Tuesday 16th April 2024,
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Yoga Might Achieve What Communism Didn’t: A Response to a Communist Critic of Yoga

Yoga Might Achieve What Communism Didn’t: A Response to a Communist Critic of Yoga

In a recent column, Communist Party of India Marxist (CPIM) General Secretary Sitaram Yechury denounced the International Yoga Day as a shallow lifestyle gimmick and an attempt to Hinduise India’s diverse society at the cost of attending to serious problems like poverty.

Though he concedes that yoga might be beneficial to the individual’s health and well being, and nods at its rich history, Mr. Yechury fails to acknowledge that the ethical and philosophical worldview that surrounds the physical aspects of yoga can have profound implications for the sort of problems he lists out. In my view, yoga might one day achieve what Marxism has painfully failed to do despite many struggles and revolutions so far.

Even if it seems commercialized and narcissistic at times, the yoga culture one sees today has not only an individual health and beauty element but a far more promising social-spiritual one. The yoga studios that have appeared in almost every town in America are replete not only with postures and fitness techniques, but also an emerging discourse about what it means to live ethically in a global society coming apart because of inequality, greed, and environmental destruction. Yoga magazines and retreats talk not only about health and peace of mind, but also about issues like sustainability and ending exploitation.

It might be tempting to dismiss all of this as a new-age hippy fantasy, but the fact remains that the globalization of yoga is doing some very good things that secular skeptics in India might not be aware of. My yoga teacher in California, for example, believed in discussing the ethical precepts of yama and niyama a lot more than “bods” and “abs” and such.

It was one thing to have learned about ideals like non-violence and non-covetousness in the much-mocked moral science classes in school, and quite another thing to do so in the context of a deeply fulfilling state of bodily and mental well being in a yoga class. For one thing, in yoga, unlike the classroom, the ethical idea seems not like a fancy idea, but as a living, natural reality that yoga helps us live up to, and to live out too.

In India too, the discourse around yoga in less privileged and westernized social contexts is marked by an emerging critique of the normalized practices of today’s society such as consumerism or junk food. Some of this discourse might sound nativist and nationalist, but that part might well be a response to the entrenched disdain in the Indian elite consensus for things spiritual or Indian, rather than any deep “yogic” antipathy for non yogic lifestyles.

There is already a lot more happening in the yoga world than mere lifestyle indulgence or religious chauvinism. The way forward is to recognize the potential that yoga has today for the rise of a truly global and progressive spiritual-social ethical worldview.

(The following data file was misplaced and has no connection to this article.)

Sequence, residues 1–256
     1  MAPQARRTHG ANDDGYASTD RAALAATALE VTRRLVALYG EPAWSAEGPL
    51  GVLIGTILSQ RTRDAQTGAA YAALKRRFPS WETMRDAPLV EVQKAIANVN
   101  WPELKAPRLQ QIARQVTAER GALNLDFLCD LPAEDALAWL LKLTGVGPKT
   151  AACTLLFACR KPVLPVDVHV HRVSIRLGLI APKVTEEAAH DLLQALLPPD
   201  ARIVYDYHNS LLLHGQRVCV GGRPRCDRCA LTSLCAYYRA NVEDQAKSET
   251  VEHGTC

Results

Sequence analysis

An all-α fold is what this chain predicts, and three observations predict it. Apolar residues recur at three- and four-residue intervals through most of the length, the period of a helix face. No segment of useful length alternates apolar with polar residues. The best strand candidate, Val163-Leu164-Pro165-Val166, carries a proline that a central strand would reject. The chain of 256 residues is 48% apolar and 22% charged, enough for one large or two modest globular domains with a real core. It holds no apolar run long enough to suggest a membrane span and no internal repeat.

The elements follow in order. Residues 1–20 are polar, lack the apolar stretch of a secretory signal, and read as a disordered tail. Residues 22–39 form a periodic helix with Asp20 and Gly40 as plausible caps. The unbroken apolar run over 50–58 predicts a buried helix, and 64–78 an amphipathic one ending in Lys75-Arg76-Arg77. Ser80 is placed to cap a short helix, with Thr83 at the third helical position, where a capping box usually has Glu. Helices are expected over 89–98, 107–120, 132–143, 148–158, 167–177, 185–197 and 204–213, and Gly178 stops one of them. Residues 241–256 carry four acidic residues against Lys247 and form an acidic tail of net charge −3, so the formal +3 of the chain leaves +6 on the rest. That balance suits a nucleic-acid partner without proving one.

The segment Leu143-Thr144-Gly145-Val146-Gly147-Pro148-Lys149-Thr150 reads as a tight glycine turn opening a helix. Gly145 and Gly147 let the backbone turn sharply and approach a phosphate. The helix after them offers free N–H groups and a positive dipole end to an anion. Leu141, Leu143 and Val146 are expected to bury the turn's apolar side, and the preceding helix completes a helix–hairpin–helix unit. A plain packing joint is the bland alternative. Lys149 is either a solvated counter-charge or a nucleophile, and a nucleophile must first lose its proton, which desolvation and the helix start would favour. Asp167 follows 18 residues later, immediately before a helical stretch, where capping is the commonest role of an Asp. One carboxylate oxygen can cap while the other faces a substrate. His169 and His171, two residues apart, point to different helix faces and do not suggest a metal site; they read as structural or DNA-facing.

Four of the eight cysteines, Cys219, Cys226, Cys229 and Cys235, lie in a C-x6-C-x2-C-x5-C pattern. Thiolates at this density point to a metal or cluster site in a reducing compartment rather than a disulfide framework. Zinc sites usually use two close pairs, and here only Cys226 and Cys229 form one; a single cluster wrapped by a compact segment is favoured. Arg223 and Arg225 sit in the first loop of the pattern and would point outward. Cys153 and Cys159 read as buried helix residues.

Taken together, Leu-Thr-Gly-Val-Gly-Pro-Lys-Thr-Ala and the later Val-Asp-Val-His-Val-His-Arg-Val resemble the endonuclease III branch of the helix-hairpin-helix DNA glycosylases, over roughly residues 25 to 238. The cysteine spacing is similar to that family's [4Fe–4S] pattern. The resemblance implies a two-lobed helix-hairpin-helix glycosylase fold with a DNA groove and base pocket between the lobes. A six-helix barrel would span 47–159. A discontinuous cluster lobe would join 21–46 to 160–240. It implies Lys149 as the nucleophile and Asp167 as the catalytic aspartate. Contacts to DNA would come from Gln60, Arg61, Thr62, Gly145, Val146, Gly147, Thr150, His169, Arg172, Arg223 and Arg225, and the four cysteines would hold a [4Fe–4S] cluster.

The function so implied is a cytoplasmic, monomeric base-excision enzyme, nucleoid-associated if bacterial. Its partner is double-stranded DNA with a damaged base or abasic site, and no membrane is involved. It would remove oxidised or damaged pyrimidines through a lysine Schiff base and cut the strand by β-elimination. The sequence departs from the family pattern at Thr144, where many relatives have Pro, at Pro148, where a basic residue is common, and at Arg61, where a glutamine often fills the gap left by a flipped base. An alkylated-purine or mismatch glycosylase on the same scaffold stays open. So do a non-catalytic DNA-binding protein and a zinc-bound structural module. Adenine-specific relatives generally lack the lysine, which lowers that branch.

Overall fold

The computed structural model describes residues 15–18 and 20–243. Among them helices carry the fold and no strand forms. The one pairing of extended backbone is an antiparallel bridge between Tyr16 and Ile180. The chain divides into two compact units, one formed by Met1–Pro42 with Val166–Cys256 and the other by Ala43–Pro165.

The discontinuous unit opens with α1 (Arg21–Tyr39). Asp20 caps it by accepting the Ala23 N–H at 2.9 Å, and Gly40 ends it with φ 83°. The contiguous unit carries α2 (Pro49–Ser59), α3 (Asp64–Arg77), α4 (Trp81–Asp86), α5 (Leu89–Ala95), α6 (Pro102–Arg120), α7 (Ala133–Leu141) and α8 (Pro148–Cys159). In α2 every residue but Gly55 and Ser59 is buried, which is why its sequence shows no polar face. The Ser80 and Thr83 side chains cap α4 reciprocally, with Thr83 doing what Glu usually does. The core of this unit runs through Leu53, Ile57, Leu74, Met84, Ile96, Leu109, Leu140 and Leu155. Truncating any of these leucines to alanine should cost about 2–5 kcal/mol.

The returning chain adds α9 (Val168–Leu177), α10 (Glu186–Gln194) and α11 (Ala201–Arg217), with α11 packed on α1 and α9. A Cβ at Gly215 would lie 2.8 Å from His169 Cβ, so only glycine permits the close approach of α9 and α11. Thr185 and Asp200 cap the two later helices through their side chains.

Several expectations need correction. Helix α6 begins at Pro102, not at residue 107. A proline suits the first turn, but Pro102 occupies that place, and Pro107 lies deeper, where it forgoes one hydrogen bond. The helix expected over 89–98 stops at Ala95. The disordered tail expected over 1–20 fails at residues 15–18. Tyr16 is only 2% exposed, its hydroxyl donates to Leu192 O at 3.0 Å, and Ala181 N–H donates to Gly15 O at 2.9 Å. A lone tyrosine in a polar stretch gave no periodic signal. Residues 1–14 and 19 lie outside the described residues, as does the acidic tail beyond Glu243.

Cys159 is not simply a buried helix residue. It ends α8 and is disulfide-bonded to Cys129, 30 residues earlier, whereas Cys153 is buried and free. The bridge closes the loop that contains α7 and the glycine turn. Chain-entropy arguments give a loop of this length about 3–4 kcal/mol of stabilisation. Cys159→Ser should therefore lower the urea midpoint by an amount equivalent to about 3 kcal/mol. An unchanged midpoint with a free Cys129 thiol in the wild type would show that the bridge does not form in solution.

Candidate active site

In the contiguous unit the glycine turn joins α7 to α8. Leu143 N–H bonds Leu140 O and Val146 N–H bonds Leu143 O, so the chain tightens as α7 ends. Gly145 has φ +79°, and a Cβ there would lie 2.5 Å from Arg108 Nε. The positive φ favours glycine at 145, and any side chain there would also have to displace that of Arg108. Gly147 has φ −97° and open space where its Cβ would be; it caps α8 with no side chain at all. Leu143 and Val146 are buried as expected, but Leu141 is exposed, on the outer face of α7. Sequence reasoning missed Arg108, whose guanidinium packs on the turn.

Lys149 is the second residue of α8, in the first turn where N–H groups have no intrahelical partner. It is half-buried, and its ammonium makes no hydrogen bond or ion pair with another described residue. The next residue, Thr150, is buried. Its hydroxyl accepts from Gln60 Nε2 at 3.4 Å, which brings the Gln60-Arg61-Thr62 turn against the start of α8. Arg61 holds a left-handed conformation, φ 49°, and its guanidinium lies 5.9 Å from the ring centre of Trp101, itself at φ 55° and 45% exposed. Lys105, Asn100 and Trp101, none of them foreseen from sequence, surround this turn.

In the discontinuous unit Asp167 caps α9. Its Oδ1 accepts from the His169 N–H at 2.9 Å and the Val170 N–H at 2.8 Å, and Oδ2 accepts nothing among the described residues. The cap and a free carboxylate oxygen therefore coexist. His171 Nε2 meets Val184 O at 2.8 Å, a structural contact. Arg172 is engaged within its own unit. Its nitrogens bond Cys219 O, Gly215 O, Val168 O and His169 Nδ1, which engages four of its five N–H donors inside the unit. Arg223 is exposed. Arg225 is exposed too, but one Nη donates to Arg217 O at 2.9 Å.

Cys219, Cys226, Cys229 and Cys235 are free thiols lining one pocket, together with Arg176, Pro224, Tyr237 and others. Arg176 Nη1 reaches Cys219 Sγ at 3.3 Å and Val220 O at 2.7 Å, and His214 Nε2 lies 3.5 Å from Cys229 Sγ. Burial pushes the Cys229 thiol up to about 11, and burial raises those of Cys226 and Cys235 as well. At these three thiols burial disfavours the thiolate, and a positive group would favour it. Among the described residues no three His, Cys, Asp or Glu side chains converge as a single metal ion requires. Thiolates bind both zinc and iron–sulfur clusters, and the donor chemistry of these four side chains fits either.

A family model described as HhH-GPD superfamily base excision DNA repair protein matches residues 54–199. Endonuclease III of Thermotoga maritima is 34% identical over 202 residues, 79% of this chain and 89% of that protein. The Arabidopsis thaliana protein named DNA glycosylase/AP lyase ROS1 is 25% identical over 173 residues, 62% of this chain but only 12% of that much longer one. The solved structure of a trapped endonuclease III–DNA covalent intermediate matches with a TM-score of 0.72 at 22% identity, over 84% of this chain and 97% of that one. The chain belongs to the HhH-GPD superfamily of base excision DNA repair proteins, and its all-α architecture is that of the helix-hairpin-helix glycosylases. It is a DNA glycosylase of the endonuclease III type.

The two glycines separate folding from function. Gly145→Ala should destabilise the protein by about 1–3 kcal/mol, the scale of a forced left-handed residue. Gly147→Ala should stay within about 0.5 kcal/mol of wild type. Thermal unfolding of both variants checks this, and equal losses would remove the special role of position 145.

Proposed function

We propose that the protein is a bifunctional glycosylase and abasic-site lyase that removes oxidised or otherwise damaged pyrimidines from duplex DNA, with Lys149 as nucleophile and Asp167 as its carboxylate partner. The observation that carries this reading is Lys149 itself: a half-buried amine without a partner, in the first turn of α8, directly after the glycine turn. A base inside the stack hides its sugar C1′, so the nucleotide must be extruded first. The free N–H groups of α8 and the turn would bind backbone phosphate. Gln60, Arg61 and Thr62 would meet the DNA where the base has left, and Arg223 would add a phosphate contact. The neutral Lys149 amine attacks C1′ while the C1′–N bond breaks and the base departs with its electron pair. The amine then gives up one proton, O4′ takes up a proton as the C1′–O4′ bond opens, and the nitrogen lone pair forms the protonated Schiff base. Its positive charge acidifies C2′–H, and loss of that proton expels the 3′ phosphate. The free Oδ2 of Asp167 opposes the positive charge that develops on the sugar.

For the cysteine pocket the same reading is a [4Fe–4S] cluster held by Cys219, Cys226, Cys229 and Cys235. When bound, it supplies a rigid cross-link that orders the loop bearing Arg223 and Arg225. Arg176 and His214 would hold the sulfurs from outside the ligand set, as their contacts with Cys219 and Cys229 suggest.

Unlike Marxists who push for political change with little consideration for the language of the soul that animates human desire for action, and unlike the dry moralists of traditional religions who pontificate dogma rather than encourage insight to come from within, the global yogis of today have the possibility of creating something better than what both religion or political ideology have done so far.

For that to happen though, at least one supportive gesture needs to come from the land of yoga’s birth: we need to let the practice and philosophy of yoga rise beyond our often petty calculations about identity-politics and our usual secular-communal clichés. We don’t need to desperately trade in “Oms” and “Surya Namaskaras” for achieving peace and happiness for the individual and the world.

The truth is that yoga has gone global without some imperial, world-dominating Hindu agenda accompanying it. That has always been the greatness of Hindu universalism, that it expresses itself as a universal concern rather than a parochial dogma.

However, there is a risk that trying to de-Hinduize yoga as some secularist critics have done, render it free of its ethical and philosophical underpinnings, will defeat its true potential for social change.

Instead, if those truly concerned about cruelty and indifference to poverty and suffering in the world today, people like Mr. Yechury, could put aside their biases about Hinduism and support an effort to create a universal pedagogy around yoga, something remarkable could happen.

For example, if the Indian government could set up yoga institutes around the world–without the constant fear of stepping on secular toes–there could be a more intellectually focused, and socially progressive direction given to the yoga phenomenon worldwide.

Is it not the worldview of a yogi, after all, that has produced the greatest critique of capitalist modernity, we can think of to this day? If Mahatma Gandhi’s Hind Swaraj, and other similar works, could also be taught and discussed in the space of yoga culture, a better vocabulary for reflection, critique, and social change might emerge than what we have seen so far.

With serious social investment, yoga can easily transcend the risk of becoming a mere individual lifestyle fad or a public display of chauvinistic pride as Mr. Yechury worries.

In America, surya namaskaras have long since replaced revolutionary slogans and gestures. That might not have defeated poverty overnight, but it has at least raised the awareness among practitioners that the spiritual well-being of one is somehow connected to the material well-being of the other. It is a revolution worth pursuing.



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